We've shown you famously haunted historical houses like the Lemp Mansion and the Carnton Plantation. But here are five breathtaking historical homes with special Halloween events scheduled for all of you old-house lovers out there. -- Tabitha Sukhai for thisoldhouse.com
The Carlyle House
In 1749, Scottish merchant and would-be founding trustee of Alexandria, John Carlyle, purchased two of the best lots in Alexandria, and put up this beautiful mansion -- with its unique stone cornice and ornate woodwork -- by the early 1750s. Just in time for General Edward Braddock to use the Georgian-style home to plan the French and Indian War.
The place stayed in the Carlyle family until 1827 and eventually served as a Civil War hospital, a particular point of interest for visiting ghost hunters. A six-year-long restoration began when the Northern Virginia Regional Park Authority (NVRPA) acquired the property in 1970.
You can visit to see an annual reenactment of Colonel John Carlyle's 1780 funeral (with a reading of his last will), or go on a Historical Haunt ghost tour. Call 703-683-3451 or visit Nvrpa.org for more information.
Andrew Jackson's 1819 Greek Revival brick mansion was built on a site chosen by his wife, Rachel Donelson Jackson, who passed away right before his presidential inauguration in 1829. A fire destroyed most of the structure in 1834, and the home stands now as it did after its 1835 restoration, in which all the ceilings were raised and all the windows enlarged. Porches became two-story galleries with Corinthian columns, and elegant double doors open to a central hall with a grand, circular staircase. The interior boasts scenic French wallpaper, marble mantelpieces, and a beautiful library-office.
The home was passed to The Ladies Hermitage Association in 1889. Some of the ladies took turns sleeping there to keep watch while renovations were in progress. Once, the women were awakened by the sound of a horse galloping up and down the main stair; many believe the phantom rider to have been Andrew Jackson himself, demanding they get to work.
Check out the annual, kid-friendly Hauntings at The Hermitage with ghost stories, haunted hay rides, and more. Call 615-889-2941 ext. 211 or visit thehermitage.com for more information.
Emlen Physick Estate
Cape May, New Jersey
Dr. Emlen Physick's sprawling four-acre estate, a 1879 Victorian mansion, has changed hands only three times in its 130-year history. The home made news in 1878 for its unique Stick-style, featuring geometric decorative elements and irregular rooflines that contrasted with its more traditional neighbors. The exterior features oversized corbelled chimneys, jerkin-head dormers and porch brackets, while the interior showcases classic Victorian molding, fireplaces and furniture.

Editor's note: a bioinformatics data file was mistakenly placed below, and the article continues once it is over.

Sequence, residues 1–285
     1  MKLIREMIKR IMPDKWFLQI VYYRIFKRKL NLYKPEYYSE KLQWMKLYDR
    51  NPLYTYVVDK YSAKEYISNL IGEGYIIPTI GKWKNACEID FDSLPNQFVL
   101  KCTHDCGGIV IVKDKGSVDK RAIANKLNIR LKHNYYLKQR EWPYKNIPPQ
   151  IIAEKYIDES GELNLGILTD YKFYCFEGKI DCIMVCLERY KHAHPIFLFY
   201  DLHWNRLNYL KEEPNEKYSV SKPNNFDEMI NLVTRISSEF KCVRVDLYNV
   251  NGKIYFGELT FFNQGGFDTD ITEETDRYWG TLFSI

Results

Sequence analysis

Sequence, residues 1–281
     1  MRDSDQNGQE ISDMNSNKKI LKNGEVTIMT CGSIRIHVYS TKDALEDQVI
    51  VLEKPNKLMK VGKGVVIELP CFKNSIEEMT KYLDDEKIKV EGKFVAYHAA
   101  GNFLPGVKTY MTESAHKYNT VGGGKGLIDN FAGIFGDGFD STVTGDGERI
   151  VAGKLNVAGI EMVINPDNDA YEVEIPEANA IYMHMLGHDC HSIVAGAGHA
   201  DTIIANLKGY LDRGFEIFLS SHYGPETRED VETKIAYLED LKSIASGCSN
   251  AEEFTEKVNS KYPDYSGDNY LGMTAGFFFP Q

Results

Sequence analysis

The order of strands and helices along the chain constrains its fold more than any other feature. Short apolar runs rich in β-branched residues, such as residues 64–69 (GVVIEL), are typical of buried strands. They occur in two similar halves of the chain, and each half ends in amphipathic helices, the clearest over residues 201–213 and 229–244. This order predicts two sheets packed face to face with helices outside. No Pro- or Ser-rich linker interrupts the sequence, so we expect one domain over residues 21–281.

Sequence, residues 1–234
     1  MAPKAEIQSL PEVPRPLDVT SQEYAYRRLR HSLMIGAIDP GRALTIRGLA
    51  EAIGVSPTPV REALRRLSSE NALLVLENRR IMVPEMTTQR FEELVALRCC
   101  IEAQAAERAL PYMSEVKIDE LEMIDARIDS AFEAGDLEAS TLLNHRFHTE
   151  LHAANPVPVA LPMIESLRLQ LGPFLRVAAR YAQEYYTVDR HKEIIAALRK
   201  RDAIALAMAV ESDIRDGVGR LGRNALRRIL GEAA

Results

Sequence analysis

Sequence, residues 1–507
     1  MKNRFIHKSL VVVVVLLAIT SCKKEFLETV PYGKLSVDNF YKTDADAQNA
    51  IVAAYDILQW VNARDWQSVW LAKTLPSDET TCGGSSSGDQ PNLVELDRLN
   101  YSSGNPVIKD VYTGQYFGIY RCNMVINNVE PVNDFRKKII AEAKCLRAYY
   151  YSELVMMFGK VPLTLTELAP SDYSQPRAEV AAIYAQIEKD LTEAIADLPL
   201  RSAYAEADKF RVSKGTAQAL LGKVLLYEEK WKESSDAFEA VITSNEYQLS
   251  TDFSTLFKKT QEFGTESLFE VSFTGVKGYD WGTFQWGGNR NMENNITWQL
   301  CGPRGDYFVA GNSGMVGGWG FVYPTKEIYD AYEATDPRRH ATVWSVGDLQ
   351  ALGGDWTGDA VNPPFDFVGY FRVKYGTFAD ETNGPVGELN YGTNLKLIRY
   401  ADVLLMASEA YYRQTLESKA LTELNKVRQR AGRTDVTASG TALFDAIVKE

The herb garden on the grounds is a replica of one planted there in the 1800s, but that's not all that remains from the past. Psychic medium Craig McManus, the author of The Ghosts of Cape May, has identified many spirits still residing at the Physick Estate: The most prominent ones are Physick's Aunt Emilie and the spirits of Physick's beloved dogs.
The Mid-Atlantic Center for the Arts hosts Phantoms of the Physick Estate and ghost tours (kid-friendly and evening options available). Call 800-275-4278 or visit capemaymac.org for more information.
Prospect Place Mansion
This mansion, listed by the Ohio Underground Railroad Association, was built in 1856 by abolitionist G.W. Adams. The Greek Revival-Italianate is the last remaining of five similar Dresden-area mansions. The home had many innovative features for its time, including a unique refrigeration system in the basement. In the 1980s, local businessman Dave Longaberger saved the 29-room mansion from the wrecking ball. Its current owner -- a descendant of G.W. Adams -- has continued the restoration.
Locals are familiar with the tale of Constance Cox, a young girl who took a fatal fall off a balcony one winter in the 19th century. Since the child couldn't have a proper burial until the spring, her body was kept in the basement icebox where her mother visited with her. The site of numerous paranormal investigations, ghost hunters maintain that the spirits of both Constance and her mother remain at the house.
Prospect Mansion welcomes visitors for paranormal investigations and tours, but warns of "interacting with the spirit of the bounty hunter in the barn." Call 740-617-4200.
Fort Lauderdale, Florida
Fort Lauderdale founding father Frank Stranahan built this Florida vernacular-style house for his new bride, Ivy, in the year 1900. Built of Dade county pine, the place changed functions as often as Stranahan changed professions: The house served as a post office (and Stranahan as the county's first postmaster), a community center, and a town hall. Overwhelmed by losses during the collapse of the 1920s and a hurricane in 1926, the owner ended his life on the grounds. Ivy, Fort Lauderdale's first schoolteacher, went on to lease the ground floor as a restaurant and continued to live in the upper quarters until her death in 1971. The home was then acquired by the Fort Lauderdale Historical Society, which began a restoration in the 1980s.
The place now stands in its 1913 configuration. According to John Marc Carr's Haunted Fort Lauderdale, up to six ghosts inhabit the home, including the ghost of Frank Stranahan himself.
Stranahan House docents dressed in traditional mourning clothes will escort you through the parlor, staged for a Victorian funeral, and a tour of tombstones dating back to the 1800s. Call 954-524-4736 or visit stranahanhouse.org for more information.
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